Zinc oxide (ZnO) is widely used as electron transport layer and can be fully R2R processed from acetone, water, and methanol.DOI:10.1021/am100505eDOI:10.1021/nn200933rDOI:10.3390/ma4010169DOI:10.1002/ente.201200029 Such inks are also commercially available, e.g. from infinityPV. Further metal oxides that can act as charge selective layer are nickel oxide (NiOx), molybdenum oxide (MoOx), vanadium oxide (VOx), and tungsten oxide (WOx) and can be processed from a variety of solutions.DOI:10.1039/c3tc30930d

Active layer

With respect to the processing of the active layers, chlorinated solvents such as chloroform, chlorobenzene, and 1,2-dichlorobenzene have been used in the majority of OPV reports and are also used for R2R processed polymer solar cells. Often they are used in blends including additional additives such as diiodooctance or chloronaphthalene to promote annealing and phase separation.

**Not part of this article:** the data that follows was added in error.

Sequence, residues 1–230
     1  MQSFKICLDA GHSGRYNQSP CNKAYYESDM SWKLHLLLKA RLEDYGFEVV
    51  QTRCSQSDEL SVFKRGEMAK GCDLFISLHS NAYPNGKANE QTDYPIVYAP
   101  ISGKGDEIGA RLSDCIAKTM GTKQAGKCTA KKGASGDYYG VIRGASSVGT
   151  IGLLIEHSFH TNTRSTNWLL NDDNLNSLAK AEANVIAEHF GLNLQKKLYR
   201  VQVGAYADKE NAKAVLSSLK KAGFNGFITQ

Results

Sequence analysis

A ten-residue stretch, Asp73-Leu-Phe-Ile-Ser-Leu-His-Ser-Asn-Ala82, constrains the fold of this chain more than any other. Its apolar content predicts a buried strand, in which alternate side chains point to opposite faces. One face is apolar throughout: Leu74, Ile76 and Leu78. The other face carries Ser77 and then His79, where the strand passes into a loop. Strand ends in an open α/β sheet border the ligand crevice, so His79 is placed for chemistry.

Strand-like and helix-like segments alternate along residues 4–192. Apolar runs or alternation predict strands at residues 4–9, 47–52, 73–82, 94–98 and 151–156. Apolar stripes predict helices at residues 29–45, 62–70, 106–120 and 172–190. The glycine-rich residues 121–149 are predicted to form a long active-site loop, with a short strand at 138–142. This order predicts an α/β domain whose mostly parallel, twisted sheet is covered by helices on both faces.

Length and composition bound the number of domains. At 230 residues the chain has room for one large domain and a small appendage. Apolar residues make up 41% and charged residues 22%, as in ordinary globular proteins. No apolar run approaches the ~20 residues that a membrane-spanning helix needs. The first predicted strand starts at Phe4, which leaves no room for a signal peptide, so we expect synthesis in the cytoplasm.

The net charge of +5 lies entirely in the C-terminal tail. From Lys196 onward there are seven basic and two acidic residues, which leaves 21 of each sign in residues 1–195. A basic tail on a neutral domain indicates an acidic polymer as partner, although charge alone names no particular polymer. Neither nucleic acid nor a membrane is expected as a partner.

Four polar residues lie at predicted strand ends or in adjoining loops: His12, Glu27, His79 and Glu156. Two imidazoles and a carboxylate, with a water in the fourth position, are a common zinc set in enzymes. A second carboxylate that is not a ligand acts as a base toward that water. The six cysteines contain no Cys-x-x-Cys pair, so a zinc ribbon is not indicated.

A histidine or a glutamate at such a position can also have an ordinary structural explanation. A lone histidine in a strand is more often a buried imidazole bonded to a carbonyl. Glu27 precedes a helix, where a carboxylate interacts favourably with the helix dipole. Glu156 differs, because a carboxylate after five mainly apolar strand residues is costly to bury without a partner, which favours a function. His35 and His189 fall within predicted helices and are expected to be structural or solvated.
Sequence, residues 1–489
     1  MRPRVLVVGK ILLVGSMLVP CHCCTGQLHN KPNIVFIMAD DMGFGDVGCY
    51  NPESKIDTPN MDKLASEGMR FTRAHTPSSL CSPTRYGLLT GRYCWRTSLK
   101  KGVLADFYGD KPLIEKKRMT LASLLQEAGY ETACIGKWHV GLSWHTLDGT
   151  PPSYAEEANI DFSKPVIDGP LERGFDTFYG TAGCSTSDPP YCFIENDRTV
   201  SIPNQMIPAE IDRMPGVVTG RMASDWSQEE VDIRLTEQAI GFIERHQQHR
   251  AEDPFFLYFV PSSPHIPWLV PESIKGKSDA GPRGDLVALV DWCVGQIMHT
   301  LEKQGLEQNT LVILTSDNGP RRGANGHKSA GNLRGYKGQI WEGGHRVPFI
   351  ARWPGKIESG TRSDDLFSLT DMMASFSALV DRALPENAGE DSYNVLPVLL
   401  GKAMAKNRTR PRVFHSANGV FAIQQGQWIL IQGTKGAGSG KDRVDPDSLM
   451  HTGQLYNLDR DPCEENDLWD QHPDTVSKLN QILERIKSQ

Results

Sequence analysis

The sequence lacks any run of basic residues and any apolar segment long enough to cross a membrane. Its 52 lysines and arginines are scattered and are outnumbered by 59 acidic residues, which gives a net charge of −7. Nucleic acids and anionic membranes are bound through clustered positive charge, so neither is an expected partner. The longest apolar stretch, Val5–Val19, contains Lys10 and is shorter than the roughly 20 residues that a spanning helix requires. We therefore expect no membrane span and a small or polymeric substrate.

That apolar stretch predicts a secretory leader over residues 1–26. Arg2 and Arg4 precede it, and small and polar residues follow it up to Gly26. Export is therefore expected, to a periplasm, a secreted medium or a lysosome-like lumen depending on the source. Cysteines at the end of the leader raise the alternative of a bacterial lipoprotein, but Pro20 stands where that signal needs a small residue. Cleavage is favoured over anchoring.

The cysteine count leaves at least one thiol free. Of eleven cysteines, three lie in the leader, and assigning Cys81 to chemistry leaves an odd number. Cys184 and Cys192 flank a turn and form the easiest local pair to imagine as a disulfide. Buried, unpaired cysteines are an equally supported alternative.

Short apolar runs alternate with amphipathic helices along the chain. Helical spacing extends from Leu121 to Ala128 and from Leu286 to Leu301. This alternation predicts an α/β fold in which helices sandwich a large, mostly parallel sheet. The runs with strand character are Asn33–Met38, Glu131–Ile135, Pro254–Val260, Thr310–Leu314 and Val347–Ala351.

To achieve a more environmentally friendly and sustainable processing non-halagenated (chlorine free) solvents have been studied as well. Examples of solvents are m-xylene, o-xylene, toluene, and indane.DOI:10.1039/c4ra01783hDOI:10.1016/j.solmat.2011.09.059DOI:10.1039/c3ee41915k The main drawback is their poorer solubility of fullerene derivates and the tendency to produce less-than-ideal morphologies in the bulk heterojunction layer.DOI:10.1016/j.orgel.2012.08.026

Water as solvent is clearly the most environmental friendly and healthiest solution especially for large-scale processing. Direct solution of the most common active layer polymers in water are not possible and therefore emulsified solutions have shown promising results as it is possible to process active layer components.DOI:10.1016/j.solmat.2011.08.025DOI:10.1002/aenm.201000007DOI:10.1021/nn200933rDOI:10.1039/c3cp55037kDOI:10.1016/j.solmat.2012.03.016 The micelle stage only exists in solution and therefore the active layer is insoluble in aqueous solutions after drying of the solvent. Subsequent processing from water can be carried out without dissolving and damaging the layer.